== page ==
They are sometimes viewed as “caught in the middle.”
And for good reason. Senior leaders above them impose strategy that they are required to implement, and the team members who work for them look up for direction and support.
Meet the middle manager.
Now, most middle managers I know are enthusiastic, smart, and able, but there are several challenges that they face that usually go unseen.
Challenge 1: They are expected to rollout strategy without clarity of a clear vision and goals from senior leadership.
Challenge 2: The invisible gap in communication between senior management and middle managers.
Challenge 3: Inconsistency in performance feedback from senior leaders to middle managers.
Challenge 4: Micro-management from above that forces everyone to lead at a lower level.
Are you caught in the middle or know someone who is? If so, read on.
Challenge #1: Implement Strategy without Clarity of Vision and Goals
In several of my recent Leadership Development Performance sessions we’ve focused on creating and communicating a vision and aligning organizational goals. Consistently, across several of the clients I work with, middle managers asked questions such as “what is the vision for this organization?” “what is the vision for my department, shouldn’t I know that first?” “what are the strategic goals for the organization?” “what are the strategic goals for my department?”
The challenge is that if middle managers don’t truly understand the vision and strategic objectives of an organization, (1) it’s very difficult to rollout strategy and and change initiatives, and (2) you can bet your bottom dollar that your front line employees don’t understand the vision and organizational goals either.
Challenge #2: The Invisible Gap in Communication Between Senior Management and Middle Management.
This is a classic challenge, especially in mid-sized organizations. Senior leaders think they are over-communicating and mid-level managers often feel left out of the loop. This typically happens when announcements, changes, policy updates, etc. are communicated from senior leaders to the entire company at one single point in time (e.g., usually the all-staff meeting). There are three problems that result when organizations skip the middle manager level when communicating information.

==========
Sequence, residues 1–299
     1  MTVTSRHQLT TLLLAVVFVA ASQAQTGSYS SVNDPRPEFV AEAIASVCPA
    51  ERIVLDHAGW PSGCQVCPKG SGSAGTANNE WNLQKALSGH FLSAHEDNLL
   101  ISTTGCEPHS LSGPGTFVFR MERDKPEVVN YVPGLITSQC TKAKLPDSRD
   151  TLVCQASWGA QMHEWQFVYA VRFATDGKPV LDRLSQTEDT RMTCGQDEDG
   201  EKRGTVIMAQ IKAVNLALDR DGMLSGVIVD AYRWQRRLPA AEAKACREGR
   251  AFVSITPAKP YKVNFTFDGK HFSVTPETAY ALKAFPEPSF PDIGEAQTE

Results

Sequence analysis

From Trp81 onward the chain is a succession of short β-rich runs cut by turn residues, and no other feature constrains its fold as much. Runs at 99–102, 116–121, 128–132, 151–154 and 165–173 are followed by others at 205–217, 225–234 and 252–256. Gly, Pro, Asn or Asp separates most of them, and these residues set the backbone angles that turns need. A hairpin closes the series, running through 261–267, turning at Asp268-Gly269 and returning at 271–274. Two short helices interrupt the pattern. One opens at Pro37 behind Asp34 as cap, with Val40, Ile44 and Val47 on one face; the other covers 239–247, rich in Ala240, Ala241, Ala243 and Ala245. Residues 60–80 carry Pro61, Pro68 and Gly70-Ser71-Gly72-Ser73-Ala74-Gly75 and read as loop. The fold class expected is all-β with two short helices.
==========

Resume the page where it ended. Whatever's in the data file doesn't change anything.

(1) they lose the opportunity to gain mid-level management’s ideas in how a decision could be rolled out (notice I didn’t say input into the actual decision itself),
(2) that leads to an erosion of mid-level manager trust in senior leadership, and
(3) that inevitably results in a loss of commitment from mid-level managers – even when middle managers believe the change is a good idea!
And, without middle management trust and commitment – changes, policy updates, or whatever initiative you are attempting to rollout, often fail or are met with resistance because it’s the mid-level managers who are the ones required to implement what’s rolling down from the top.
Challenge #3: Inconsistency in Performance Feedback from Senior Leaders to Managers
This is another classic challenge and the symptoms typically bubble to the surface when middle managers attend a leadership development program and senior leaders don’t think they need the same training. As middle managers begin to see that their role is no longer that of the “doer” and they now have to get things done through others, they embrace key skills like creating a vision, setting goals, and providing performance feedback. And as they learn these skills they ask questions like “why doesn’t my manager do these things with me?” In one of my recent leadership development programs, there were several middle managers who said that they almost never receive performance feedback throughout the year from their senior leaders.
Challenge 4: Micro-management that Forces Everyone to Lead at a Lower Level
Underlying several of these challenges are that many senior leaders clog up the leadership pipeline by leading at lower levels than where they should be. Their tendencies are to be overly tactical, day-to-day oriented, and caught up in the weeds. That ripples downward through the organization and every leader beneath that senior leader is also forced to operate one level below where they should be. For example, Functional Leaders perform like Managers, Managers perform like Supervisors, and Supervisors perform like Team leaders. As a result, the overall organizational culture rewards tactical/day-to-day behavior and leaders never get to do what they are supposed to do – which is to think about the future. (Managers focus on today).
The result of all these challenges usually comes in the form of lost trust and commitment to senior leaders, and, that typically rolls down hill to team members on the front line.
So, how can you overcome these four challenges?
Stay tuned for our newsletter in April and we’ll provide 4 clear strategies to help you close the middle management gap.